Other Real Estate ________________________________________________________
Automobile(s)/other transportation (motorcycles, boats, horses, etc)
Special Collections (cd’s, baseball cards, stamps, etc.) ____________________________
Pension/IRA/Tax Deferred Annuity-401(k), etc. ________________________________
Stock Portfolio/Mutual Funds _______________________________________________
Certificates of Deposit______________________________________________________
Savings Accounts _________________________________________________________
Other Investments ________________________________________________________
Total Wealth: _______________
May 7, 2000
The Stewardship Group invites you to work with stewardship in a fresh way with our common investment in the renovation of Seekers' new home at Carroll Street. We are hoping that the process will be a rewarding one for all of us. We are aware that church "building campaigns" or "fundraising drives" may have negative connotations for many Seekers. We want the entire community to see the process as a spiritual undertaking and hope everyone will be able to share the faith-based assumption that what we raise will be enough to do the work needed.
We are embarking on a two-step process: first we are asking ourselves, using the "Statement of Support" being distributed today, to consider one-time gifts and increases in our regular giving. With that information in hand, we will offer the opportunity for Seekers who can to make loans to the church. Our financial target is "a Spirit-led sense of the right amount for each of us to give."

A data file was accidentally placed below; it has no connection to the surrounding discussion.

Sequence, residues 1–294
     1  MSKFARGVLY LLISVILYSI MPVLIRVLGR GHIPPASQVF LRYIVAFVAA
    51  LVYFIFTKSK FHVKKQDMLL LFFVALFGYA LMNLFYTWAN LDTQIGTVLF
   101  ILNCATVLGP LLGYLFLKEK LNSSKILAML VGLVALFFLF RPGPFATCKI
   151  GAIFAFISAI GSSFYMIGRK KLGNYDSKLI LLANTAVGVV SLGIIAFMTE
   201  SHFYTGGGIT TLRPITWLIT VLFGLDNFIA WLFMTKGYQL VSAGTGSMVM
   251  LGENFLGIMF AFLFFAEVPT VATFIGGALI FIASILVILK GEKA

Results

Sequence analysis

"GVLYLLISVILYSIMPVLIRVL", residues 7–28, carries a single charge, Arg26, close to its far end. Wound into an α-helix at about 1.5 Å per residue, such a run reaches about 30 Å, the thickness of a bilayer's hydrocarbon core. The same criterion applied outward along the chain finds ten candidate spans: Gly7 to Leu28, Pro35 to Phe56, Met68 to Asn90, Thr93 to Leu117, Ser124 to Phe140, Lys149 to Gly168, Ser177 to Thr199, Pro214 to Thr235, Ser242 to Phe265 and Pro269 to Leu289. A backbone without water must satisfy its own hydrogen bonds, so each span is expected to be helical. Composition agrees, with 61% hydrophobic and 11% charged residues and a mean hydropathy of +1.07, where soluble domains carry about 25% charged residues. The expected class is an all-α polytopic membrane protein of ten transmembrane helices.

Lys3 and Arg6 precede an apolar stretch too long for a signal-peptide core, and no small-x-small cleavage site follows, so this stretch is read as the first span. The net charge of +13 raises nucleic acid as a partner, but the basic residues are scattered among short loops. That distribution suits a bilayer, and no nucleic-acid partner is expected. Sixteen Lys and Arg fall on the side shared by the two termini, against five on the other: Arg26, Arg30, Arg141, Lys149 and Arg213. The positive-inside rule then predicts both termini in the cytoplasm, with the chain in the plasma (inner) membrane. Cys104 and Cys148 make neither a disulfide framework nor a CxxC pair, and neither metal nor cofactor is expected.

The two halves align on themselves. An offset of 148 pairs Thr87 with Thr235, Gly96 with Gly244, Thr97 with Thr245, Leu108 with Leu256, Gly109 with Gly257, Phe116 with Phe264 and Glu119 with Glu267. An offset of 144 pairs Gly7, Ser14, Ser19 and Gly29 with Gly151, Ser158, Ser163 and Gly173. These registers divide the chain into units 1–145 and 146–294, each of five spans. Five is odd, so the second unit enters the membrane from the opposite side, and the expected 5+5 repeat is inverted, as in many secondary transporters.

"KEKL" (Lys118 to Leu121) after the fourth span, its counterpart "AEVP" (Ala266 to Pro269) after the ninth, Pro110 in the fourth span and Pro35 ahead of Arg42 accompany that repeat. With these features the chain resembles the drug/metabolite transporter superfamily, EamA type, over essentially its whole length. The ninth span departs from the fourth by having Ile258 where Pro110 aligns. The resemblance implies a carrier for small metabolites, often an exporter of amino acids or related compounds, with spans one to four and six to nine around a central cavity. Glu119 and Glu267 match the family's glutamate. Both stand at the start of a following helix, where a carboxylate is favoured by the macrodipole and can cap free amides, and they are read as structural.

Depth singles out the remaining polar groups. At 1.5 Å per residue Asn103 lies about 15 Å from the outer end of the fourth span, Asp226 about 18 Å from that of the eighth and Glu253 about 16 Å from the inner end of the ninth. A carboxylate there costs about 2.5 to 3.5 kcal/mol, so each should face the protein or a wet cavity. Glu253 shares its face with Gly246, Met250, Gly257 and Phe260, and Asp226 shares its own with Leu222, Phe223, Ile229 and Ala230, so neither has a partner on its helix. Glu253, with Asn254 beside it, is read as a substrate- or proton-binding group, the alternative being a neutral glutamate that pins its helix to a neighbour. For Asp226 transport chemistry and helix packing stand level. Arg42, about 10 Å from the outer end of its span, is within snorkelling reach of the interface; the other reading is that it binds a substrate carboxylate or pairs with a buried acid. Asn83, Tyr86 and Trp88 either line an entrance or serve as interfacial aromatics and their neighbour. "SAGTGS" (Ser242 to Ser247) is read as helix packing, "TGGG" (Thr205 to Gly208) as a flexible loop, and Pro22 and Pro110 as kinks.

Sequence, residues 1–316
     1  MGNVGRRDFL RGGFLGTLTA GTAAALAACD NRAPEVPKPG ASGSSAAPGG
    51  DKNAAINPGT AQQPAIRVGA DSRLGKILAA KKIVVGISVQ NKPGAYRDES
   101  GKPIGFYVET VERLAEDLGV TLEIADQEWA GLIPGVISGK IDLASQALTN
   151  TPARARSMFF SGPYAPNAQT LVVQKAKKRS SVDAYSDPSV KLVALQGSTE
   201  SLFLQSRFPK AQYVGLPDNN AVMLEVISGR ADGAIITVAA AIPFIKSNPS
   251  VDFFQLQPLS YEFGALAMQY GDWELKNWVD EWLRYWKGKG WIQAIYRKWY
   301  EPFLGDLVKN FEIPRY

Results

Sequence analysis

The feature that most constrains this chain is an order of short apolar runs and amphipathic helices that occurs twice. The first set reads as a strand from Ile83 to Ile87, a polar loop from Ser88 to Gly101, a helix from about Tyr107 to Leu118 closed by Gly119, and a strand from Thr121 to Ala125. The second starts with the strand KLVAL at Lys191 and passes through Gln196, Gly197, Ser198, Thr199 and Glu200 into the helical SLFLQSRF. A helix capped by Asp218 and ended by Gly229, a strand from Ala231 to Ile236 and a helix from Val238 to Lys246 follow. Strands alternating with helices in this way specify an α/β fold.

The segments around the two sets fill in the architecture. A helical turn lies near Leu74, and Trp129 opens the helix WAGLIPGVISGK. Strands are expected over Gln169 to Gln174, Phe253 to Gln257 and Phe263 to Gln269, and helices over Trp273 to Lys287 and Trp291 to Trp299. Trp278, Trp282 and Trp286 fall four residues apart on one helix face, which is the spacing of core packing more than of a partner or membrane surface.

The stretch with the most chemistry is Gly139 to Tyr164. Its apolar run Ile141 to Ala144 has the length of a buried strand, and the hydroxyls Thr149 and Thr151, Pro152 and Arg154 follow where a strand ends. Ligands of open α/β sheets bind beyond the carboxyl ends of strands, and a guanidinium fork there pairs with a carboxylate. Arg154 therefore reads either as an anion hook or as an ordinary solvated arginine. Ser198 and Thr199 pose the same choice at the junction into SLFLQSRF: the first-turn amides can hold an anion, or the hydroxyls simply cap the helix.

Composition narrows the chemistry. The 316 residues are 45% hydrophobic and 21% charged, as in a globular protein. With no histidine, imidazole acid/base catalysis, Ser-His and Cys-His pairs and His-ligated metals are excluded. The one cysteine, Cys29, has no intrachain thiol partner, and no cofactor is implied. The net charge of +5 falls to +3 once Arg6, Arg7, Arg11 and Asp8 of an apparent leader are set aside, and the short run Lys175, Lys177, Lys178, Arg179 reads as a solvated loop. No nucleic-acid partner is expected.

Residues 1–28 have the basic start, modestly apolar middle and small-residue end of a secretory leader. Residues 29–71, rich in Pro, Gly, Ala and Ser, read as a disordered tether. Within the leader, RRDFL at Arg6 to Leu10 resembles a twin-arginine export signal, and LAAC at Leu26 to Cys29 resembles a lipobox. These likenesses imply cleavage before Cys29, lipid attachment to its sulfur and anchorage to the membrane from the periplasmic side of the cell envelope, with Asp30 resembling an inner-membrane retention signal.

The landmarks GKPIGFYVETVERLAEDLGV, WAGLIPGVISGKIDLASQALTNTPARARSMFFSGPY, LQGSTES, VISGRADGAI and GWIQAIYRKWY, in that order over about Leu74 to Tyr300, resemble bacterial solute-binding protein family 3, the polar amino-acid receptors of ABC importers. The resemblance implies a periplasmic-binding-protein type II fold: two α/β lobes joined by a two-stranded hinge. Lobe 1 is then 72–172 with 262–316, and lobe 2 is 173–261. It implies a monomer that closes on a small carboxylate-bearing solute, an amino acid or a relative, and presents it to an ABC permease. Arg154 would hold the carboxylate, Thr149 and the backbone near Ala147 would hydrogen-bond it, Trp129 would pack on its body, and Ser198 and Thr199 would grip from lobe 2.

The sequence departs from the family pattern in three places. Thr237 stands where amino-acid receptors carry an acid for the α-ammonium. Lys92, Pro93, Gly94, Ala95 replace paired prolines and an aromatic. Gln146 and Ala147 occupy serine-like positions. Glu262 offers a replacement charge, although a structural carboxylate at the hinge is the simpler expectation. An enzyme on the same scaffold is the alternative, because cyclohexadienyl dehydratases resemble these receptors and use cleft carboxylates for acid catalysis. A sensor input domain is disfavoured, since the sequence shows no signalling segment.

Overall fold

We are suggesting that you pick another Seeker as a partner with whom to share your reflections in order to bring to light whatever issues may arise as you look at your relationship with money and with Seekers. We hope that by being asked to pick someone you trust, you will feel free to share as much or as little as you are spiritually able, knowing your partner will not be judging you, either for what you share or how much you share. Members of the Stewardship Group would be happy to partner with anyone who asks us.
We will hold a community meeting on the stewardship aspects of our move on May 23, and will be collecting responses to the "Statement of Support" on Sunday, June 4. We hope that all of us will arrive at that day feeling more confident about our relation to money and to Seekers than we do today.
My/Our Statement of Support for Seekers Life at Carroll Street
The time has come to see what resources will be available to make 272-278 Carroll Street a home for Seekers. The spiritual work that each Seeker or Seekers family does to fill in this statement is of most importance. The written responses will tell the community what resources we have to work with in making Carroll Street a place for us to continue our lives and work together. The Stewardship Group prays that this will be good work for each of us and for Seekers.
I will make a one-time gift of $ ______________.
(This could be given at one time or over several months.)
I will increase my weekly giving by $ _____ per week.
I will be willing to offer other help like _________________